Activities that foster understanding of narrative structure (understanding the parts of narrative, such as sequence of events, characters and dialogue):


*Read to children frequently and in different situations – bedtime, on the bus, in the bookstore, waiting in line at the bank, as a break during clean-up.

*Encourage children to pretend to read (e.g. give them a picture book and have them tell you the story) and encourage turn-taking with books children are familiar with.


*Take time for oral storytelling and pretend storytelling using puppets or dolls.

Activities that foster book awareness and interest (understanding that books convey ideas, knowledge and information as well as creating positive experiences with books and reading):


*Provide access to a variety of high-quality books, including alphabet books, picture books and books with rhyming; ensure books are age-appropriate (e.g. board or cloth books for babies).


*Make regular visits to a library or bookstore (at least once every two months). Expose children to different kinds of books – storybooks, non-fiction books (e.g. about trucks, nature, dinosaurs), and poetry.


*Read to your child frequently (at least four times per week) and create a warm storytime or reading environment. Let children initiate shared reading times, encourage children to take turns reading, allow time for questions.


*Connect visual experiences to books – if a child takes an avid interest in a television program, extend their knowledge by obtaining books on the same or similar topics.

*Allow children to see adults in the home reading every day (books, magazines, online articles).

Activities that foster understanding of print concepts and functions, as well as letter and word recognition (understanding that print gives us meaningful information, can amuse, comfort and entertain. Understanding that print follows certain conventions, such as spaces between words, is read left to right, top to bottom. Understanding that words are made up of letters.):


*Allow children to help with daily activities involving print – write a shopping list, write an appointment in a calendar, choose items from a take-out menu. Explain the purpose of these activities.


*Explain and show how print works – read the title and author of a book before reading, follow the print with your fingers as you read.


*Point out conventions of print when reading (e.g. if a child interrupts while reading, explain that you will answer when you finish the sentence and point to the period when you get there. Say what it means, then allow time to answer the original question).


*Provide access to games that encourage alphabet knowledge and reading, such as magnetized alphabet, computer reading games (Reader Rabbit);


*Encourage children to learn the first letter of their name and help them find it in printed materials they encounter (signs, mail, etc.).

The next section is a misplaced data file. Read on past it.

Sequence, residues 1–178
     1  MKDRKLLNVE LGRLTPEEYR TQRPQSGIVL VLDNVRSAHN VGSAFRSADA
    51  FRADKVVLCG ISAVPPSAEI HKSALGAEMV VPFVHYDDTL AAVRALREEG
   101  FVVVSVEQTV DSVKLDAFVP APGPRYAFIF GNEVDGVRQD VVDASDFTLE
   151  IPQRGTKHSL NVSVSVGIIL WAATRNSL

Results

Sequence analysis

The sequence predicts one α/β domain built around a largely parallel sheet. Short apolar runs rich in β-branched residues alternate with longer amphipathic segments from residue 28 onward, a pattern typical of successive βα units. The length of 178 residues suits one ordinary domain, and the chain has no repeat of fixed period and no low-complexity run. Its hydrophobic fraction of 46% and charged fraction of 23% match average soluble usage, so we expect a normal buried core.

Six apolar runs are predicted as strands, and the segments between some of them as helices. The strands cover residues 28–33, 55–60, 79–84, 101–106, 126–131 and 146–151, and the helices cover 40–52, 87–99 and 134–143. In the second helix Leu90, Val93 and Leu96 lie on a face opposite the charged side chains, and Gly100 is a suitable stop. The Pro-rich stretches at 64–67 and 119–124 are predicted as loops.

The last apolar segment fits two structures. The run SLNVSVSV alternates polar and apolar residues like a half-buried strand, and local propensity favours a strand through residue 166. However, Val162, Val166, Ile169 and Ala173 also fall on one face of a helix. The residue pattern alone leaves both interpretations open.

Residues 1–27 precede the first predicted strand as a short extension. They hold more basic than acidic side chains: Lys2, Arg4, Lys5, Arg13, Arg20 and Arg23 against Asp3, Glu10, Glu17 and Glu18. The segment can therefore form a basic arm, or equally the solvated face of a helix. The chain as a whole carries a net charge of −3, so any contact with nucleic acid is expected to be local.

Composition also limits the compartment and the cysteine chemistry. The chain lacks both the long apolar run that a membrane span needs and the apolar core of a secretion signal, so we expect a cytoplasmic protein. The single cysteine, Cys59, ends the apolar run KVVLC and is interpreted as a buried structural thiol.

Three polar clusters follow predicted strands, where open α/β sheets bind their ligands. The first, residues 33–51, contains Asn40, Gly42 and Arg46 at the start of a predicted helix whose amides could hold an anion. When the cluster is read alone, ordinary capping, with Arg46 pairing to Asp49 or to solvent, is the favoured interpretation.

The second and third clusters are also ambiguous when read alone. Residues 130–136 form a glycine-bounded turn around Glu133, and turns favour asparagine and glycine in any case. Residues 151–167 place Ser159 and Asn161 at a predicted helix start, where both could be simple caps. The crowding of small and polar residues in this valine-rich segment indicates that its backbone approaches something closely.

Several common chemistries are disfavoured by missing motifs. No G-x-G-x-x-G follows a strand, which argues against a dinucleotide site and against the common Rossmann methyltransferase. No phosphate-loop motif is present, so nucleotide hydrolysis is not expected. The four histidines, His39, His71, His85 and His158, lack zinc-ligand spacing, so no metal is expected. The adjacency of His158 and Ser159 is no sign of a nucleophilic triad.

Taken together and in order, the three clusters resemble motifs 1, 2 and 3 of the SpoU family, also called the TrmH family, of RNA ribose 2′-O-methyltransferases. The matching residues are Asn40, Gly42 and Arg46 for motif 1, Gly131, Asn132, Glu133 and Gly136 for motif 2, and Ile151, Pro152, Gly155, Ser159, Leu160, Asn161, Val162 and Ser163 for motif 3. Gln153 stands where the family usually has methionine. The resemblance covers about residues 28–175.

*Teach children alphabet songs.


*Write a child’s name often – include it on their art work, label the door to their room, or their favourite toy.

*As they get older, write labels for common words and place them on the item.

Activities that foster comprehension (understanding the meaning of language heard in everyday conversation and in narrative form):


*Ask questions during shared activities such as reading, watching television or playing computer games that help children think about vocabulary, plot, or character.


*Tell a story or listen to an audio recording of a book, then ask children to draw a picture of their favourite part of the story and have a conversation about it.

Ideas for Family Numeracy:


With young children you can help by doing math for a few minutes every day:

Sing number rhymes and songs such as:
- 'One, two, buckle my shoe'
- 'One two three four five, once I caught a fish alive'
- 'Ten green bottles'
- 'There were 10 in the bed'


Talk about:
- How many knives and forks you will need to set the table
- How many people are in the queue at the supermarket check-out
- Which glass will hold the most orange juice


Play games like Snakes and Ladders that involve taking turns and using a dice and counters to move around a board


Look for numbers in books, on posters, in comics, on buses, cars and road signs


Talk about the shapes of things


Do jigsaws

With older children you can:

Talk about any math work that they bring home from school

Ask them to help you when you are doing things with money, or measuring or weighing

Help them to learn their multiplication tables:
 - 7 year olds should know the 2 and 10 times table 
 - 8 year olds should know the 5 times table
 - 9 year olds should know all their tables to 10 x 10


Tell the time


Use magazines to find out when a TV program is on and set the video recorder


Look at the price of things in catalogues and work out if you can afford them


Weigh ingredients when you are cooking


Put pattern pieces together when making clothes


Measure floors for carpets, walls for wallpaper and paint​​